It is for this reason that the South offers huge business possibilities. The cdm market here has already been taken over by large companies, global consultants, traders and brokers. In this market, cdm has become a mere financial mechanism not a measure to combat climate change. As a result, its outcome has been small and cheap. Small, because it has failed to move the world towards tangible solution for climate change like clean energy and public transport, and cheap because the focus is to provide cheapest possible cers to the developed world, and not make the transition to clean energy necessary.
The 'cheap' reduction is reflected in current portfolio of cdm projects. Untill November 2007, roughly 70 per cent of the cers issued were for projects to harvest fugitive gases hfc 23 and n2o the cheapest way to reduce emissions. Another 9.3 per cent is for energy efficiency projects and fuel switch (mainly from oil to natural gas) and 8. 5 per cent for biomass projects (generating electricity by burning biomass). Not even one solar energy project, or a high-end clean coal project, afforestation project or public transport project figures in the current cdm . Wind energy projects, which constitute 14 per cent of all projects bring less than 3 per cent of cers.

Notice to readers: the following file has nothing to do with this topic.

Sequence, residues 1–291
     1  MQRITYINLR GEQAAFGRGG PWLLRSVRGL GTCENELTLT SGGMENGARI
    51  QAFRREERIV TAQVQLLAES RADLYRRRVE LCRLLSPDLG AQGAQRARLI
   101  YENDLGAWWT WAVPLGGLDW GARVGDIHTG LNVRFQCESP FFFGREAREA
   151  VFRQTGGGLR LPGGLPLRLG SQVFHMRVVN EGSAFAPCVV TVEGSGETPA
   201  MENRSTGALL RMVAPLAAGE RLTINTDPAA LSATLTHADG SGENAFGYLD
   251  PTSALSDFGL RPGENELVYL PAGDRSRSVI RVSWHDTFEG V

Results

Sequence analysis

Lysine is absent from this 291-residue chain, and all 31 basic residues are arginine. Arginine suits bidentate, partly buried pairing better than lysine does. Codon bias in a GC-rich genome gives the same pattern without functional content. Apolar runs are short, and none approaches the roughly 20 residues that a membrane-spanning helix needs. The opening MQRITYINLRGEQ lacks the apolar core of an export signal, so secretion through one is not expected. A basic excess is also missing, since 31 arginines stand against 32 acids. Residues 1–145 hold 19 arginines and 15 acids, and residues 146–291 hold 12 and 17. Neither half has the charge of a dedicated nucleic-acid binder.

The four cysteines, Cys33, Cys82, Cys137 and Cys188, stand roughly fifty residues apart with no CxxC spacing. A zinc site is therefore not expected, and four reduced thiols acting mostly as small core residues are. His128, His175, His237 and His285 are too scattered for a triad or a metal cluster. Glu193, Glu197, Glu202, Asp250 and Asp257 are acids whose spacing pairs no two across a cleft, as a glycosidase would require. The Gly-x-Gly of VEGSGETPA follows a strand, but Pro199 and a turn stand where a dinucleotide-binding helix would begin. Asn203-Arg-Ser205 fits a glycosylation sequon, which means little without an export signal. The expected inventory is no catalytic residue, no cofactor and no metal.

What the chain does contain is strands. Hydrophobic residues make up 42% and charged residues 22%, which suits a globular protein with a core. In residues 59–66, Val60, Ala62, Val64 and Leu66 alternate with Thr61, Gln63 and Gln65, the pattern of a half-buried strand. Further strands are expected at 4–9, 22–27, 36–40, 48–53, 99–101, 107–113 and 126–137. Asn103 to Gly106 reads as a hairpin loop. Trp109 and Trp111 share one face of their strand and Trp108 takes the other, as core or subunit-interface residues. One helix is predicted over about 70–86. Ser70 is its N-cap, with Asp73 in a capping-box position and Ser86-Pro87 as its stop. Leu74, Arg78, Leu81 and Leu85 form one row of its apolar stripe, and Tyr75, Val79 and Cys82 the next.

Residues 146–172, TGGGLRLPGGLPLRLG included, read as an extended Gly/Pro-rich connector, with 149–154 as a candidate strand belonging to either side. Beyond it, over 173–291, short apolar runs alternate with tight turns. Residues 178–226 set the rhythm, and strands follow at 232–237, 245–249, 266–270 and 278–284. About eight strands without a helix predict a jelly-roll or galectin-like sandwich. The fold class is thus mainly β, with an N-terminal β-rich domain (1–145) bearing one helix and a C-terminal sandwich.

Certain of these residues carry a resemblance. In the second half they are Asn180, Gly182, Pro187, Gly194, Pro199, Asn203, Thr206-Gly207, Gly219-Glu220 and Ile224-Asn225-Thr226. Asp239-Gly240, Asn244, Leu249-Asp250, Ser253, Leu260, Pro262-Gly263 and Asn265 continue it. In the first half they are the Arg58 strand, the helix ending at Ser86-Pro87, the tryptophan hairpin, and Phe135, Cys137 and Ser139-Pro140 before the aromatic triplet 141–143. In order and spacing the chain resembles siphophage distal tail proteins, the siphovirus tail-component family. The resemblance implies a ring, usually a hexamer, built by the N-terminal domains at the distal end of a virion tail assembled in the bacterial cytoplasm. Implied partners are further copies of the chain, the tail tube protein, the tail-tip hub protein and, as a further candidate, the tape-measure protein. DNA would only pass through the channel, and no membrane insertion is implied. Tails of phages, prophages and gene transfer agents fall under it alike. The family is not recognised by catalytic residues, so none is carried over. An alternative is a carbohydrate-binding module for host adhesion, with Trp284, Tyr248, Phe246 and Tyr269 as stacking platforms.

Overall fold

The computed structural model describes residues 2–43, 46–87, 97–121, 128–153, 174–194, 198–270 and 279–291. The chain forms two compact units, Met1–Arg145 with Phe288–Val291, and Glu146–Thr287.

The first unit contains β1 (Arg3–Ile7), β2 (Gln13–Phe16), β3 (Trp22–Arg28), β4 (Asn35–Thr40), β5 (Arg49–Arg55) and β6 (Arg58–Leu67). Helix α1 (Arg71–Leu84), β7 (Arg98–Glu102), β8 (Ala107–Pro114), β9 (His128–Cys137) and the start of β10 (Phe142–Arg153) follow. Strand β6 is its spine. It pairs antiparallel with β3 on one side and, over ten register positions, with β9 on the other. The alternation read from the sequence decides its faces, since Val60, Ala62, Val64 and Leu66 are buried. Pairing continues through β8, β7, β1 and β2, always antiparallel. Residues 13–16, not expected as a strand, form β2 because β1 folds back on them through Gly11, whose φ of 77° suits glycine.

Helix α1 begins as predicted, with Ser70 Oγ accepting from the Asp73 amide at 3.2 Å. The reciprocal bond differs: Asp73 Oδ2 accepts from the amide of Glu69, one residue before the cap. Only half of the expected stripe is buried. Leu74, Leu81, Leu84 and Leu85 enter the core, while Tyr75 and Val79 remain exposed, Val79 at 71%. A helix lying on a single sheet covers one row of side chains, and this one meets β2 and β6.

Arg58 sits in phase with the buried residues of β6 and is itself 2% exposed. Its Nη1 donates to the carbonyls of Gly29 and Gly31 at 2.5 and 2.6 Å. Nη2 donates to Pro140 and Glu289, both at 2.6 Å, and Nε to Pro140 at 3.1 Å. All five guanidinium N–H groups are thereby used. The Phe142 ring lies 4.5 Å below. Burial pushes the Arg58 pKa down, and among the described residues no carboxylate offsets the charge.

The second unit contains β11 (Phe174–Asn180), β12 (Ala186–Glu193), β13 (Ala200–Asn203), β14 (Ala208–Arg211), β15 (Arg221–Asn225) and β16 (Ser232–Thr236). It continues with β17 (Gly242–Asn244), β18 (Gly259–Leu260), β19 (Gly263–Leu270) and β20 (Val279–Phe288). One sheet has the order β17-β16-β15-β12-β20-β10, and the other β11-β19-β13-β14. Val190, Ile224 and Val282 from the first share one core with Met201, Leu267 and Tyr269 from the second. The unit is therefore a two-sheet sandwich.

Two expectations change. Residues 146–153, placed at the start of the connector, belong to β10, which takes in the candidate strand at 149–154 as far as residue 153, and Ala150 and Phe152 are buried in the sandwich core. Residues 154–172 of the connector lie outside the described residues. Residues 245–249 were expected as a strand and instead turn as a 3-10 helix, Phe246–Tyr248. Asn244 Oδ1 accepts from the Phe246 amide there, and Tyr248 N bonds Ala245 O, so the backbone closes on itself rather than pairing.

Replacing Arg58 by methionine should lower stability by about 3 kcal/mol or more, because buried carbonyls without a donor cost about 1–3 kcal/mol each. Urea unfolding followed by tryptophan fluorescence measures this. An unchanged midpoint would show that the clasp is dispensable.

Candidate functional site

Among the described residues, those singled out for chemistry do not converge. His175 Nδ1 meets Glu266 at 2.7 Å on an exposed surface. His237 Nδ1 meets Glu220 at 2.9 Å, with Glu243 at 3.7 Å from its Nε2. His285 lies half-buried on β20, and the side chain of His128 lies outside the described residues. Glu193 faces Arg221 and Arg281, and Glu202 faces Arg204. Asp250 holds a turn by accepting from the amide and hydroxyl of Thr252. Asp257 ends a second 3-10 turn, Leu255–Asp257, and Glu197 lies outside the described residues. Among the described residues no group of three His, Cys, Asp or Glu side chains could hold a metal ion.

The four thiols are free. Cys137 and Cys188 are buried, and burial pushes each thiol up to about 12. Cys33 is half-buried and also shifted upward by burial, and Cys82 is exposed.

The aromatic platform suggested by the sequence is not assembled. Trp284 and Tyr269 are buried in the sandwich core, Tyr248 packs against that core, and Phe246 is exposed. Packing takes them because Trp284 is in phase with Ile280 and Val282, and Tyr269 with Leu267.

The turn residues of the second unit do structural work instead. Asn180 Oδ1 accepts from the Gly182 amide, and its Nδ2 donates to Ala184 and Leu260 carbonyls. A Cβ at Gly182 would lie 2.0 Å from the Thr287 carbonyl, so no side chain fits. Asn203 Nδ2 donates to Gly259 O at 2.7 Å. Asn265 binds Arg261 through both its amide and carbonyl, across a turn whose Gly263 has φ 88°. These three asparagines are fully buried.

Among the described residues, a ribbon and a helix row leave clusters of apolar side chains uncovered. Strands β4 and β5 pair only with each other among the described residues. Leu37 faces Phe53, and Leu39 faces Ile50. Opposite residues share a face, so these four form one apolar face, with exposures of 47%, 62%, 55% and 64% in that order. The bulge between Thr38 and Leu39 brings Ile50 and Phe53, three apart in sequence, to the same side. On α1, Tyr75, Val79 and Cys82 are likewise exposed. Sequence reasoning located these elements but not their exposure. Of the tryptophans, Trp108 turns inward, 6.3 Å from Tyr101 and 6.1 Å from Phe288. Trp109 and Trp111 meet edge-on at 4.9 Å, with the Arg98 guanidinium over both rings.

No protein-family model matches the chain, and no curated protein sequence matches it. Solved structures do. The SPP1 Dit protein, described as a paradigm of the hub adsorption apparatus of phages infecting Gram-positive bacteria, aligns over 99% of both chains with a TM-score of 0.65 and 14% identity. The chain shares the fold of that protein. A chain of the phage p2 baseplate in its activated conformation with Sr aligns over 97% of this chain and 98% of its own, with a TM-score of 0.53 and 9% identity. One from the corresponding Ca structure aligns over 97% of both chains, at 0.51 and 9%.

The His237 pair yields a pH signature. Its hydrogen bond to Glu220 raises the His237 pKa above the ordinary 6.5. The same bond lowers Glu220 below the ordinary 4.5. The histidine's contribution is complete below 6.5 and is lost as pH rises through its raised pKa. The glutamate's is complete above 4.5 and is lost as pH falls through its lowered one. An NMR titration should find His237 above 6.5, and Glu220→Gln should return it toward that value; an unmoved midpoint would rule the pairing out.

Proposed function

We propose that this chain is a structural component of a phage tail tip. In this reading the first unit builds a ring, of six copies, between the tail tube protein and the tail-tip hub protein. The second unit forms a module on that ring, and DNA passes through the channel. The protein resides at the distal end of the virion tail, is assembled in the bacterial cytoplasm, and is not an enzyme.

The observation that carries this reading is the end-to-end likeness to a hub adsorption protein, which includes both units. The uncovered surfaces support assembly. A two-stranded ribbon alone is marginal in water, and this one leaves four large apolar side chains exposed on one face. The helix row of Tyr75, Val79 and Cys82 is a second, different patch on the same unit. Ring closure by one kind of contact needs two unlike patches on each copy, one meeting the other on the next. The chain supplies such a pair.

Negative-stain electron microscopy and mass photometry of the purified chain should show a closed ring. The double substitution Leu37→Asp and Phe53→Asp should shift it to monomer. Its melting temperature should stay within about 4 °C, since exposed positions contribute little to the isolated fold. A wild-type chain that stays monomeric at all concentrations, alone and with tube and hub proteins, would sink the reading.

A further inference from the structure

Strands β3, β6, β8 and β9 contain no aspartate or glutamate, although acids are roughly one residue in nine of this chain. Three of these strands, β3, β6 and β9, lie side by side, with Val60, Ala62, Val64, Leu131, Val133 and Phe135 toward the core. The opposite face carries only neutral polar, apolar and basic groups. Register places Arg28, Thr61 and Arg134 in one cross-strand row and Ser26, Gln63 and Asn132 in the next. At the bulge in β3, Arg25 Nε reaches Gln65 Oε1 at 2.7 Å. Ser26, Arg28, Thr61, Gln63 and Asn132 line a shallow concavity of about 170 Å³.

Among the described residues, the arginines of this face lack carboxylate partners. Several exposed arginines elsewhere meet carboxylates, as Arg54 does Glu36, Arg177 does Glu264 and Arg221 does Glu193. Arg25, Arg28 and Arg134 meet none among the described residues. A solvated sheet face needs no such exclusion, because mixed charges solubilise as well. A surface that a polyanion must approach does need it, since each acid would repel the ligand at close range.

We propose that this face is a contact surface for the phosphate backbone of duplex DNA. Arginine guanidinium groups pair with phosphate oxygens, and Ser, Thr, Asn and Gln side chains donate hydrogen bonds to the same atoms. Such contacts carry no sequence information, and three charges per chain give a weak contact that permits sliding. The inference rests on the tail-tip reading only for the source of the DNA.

India is selling itself cheap here. Fifty four per cent of cer s issued to projects in the country are for thermal destruction of hfc23. Small-time energy efficiency projects corner another 23 per cent and biomass energy 10 per cent. There are no projects from public utilities - say, public-sector power companies that desperately need to invest in emission reduction, or city governments that need cleaner buses. There are very few community-based, small-scale renewable energy or afforestation projects. Even the so-called small-scale projects - microhydel to biomass energy - are cornered by the private sector, with little gains to local people.